“So his intervention can only be viewed as an attempt to undermine the current Labour leader, Jeremy Corbyn.” Everything that this man does, lately, seems to be an attempt to undermine Mr. Corbyn! As my mother said, yet again; when will he realise that he is dead and be happy in his grave? Wed don’t want him. He needs to shut up and go away. As for trying to keep the country in the E.U. what was the referendum about? What were those months of debates, documentaries, not to mention the money that was spent on the campaigns, all for, if we just ignore the result? What was the point?
    Mr. Blair, the electorate was asked and the majority said let’s go so, we’re going. You can come with us, or you can stay but we’re going. Whatever you choose to do, don’t tell us, we don’t want to know!

  4. Peter Hepworth

    How can Jenny Chapman speak with authority about the country’s position on Brexit? Is Labour really foolish enough to risk alienating the great majority of its members who oppose Brexit to improve its chances of winning a couple of by-elections?

    1. Mike Sivier Post author

      Labour is working to heal the rifts that have opened up between the citizens of the UK over the EU referendum and Brexit.
      What are you trying to do? Make them worse, it seems.

      1. Peter Hepworth

        The idea that the rift can somehow be bridged is wishful thinking. The nation is split. How can pro-EU socialists such as myself accept an agenda set by the extreme right: UKIP, Dacre, Murdoch and co? How can we accept the view of the Bennite left that sees the EU solely as a capitalist club and ignores the big picture of cultural development, societal progress and international fellowship?The Supreme Court’s ruling opened the door for Parliament to reject May’s Article 50 bill and Labour failed to play its part in attempting to do so. My view is that Brexit is a national folly of grotesque proportions. The price of essentials will rise inexorably. The effects of the ageing demographic will be exacerbated by the curtailment of immigration, leading to reduced pensions and longer working lives.The Tories will use Brexit to scrap environmental, employment and consumer protection, and even if Scotland rejects independence the combined forces of Labour, the LibDems and the SNP will just as now be powerless to stop them. As we know, the post-industrial areas that voted overwhelmingly for Brexit will ironically be the hardest hit. All who oppose this depressing scenario have a duty to explain why and try to persuade the government to give the people a chance to think again.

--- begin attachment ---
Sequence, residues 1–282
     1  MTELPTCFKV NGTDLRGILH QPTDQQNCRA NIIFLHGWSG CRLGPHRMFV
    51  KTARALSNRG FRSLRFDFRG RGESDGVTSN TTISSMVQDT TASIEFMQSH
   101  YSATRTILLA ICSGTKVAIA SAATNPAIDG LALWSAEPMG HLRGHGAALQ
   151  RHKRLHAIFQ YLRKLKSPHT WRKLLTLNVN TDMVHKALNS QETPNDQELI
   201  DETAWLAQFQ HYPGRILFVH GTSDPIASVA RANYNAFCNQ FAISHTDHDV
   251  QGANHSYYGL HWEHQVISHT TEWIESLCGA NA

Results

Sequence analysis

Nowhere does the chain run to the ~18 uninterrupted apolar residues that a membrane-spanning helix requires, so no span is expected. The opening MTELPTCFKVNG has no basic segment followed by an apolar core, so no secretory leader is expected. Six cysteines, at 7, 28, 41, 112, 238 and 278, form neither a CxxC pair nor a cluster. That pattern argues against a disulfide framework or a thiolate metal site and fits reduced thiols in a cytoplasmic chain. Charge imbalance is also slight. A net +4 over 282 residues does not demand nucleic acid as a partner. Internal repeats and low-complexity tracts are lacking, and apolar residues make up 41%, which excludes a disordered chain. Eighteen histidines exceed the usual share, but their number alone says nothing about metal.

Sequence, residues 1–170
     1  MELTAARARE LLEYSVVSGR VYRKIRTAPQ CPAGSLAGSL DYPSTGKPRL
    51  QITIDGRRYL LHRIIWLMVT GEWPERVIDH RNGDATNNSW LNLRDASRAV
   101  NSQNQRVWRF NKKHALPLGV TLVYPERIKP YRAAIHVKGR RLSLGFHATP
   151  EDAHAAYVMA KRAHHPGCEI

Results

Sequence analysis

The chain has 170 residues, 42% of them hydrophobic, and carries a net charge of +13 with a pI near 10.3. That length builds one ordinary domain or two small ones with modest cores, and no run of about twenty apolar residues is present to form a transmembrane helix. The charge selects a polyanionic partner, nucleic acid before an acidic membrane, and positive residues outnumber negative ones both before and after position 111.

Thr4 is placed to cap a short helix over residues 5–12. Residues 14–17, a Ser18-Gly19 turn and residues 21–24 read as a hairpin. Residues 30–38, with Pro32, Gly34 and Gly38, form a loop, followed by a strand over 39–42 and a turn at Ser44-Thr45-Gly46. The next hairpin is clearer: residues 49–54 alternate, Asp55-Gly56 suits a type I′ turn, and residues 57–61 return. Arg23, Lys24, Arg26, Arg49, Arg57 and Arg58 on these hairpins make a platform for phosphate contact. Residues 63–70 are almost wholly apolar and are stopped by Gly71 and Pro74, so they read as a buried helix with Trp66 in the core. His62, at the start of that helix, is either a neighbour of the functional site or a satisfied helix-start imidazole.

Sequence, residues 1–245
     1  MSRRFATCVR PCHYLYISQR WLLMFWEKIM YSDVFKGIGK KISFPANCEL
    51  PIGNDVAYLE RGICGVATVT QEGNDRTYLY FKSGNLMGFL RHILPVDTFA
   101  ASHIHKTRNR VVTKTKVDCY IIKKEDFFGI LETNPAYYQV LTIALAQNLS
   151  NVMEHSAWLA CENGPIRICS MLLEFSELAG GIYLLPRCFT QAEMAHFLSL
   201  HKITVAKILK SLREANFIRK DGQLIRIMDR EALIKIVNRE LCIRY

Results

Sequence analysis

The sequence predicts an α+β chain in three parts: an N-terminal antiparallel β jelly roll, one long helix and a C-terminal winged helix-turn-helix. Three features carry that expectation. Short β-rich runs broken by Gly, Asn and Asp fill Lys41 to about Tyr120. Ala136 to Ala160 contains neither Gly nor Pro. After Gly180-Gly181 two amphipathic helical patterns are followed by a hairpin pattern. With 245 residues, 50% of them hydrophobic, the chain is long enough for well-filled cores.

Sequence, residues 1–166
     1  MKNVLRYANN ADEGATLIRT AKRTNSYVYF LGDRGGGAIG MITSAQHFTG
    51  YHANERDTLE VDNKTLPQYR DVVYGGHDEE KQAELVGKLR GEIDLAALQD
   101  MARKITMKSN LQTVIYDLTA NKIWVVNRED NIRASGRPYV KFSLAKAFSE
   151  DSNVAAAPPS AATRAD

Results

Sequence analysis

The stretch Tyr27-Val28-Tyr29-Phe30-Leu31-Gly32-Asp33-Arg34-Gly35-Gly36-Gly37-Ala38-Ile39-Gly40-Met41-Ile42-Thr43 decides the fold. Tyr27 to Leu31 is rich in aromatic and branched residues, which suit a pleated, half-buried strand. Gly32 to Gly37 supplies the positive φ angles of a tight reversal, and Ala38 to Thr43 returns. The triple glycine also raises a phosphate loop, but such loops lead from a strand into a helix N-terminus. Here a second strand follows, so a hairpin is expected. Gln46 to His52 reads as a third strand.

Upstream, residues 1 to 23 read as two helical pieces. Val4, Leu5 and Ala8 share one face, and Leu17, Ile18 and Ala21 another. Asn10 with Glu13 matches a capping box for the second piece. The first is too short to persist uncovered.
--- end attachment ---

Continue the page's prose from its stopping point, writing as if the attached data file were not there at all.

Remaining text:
2. Mike Sivier Post author

        Of course, Labour would not ask you to accept an agenda set by the hard right. But why do you consider your opinion of the EU to be more valid than that of the majority of people in the UK who expressed a preference? Please don’t rehash that old argument about those who didn’t vote – abstention is a perfectly valid form of expression. Let’s not forget that Parliament has not accepted the Article 50 Bill yet – but rejection would not have stopped it from happening in any case. Labour’s role was to uncover what Brexit will be, by exposing what it won’t. You seem to be living with an enormous number of misconceptions about what is going on.

      3. Peter Hepworth

        Whatever the calculations in the Wesrminster bubble, voting for the unamended bill has been seen by the public (and a majority of party members, I suggest) as feeble capitulation.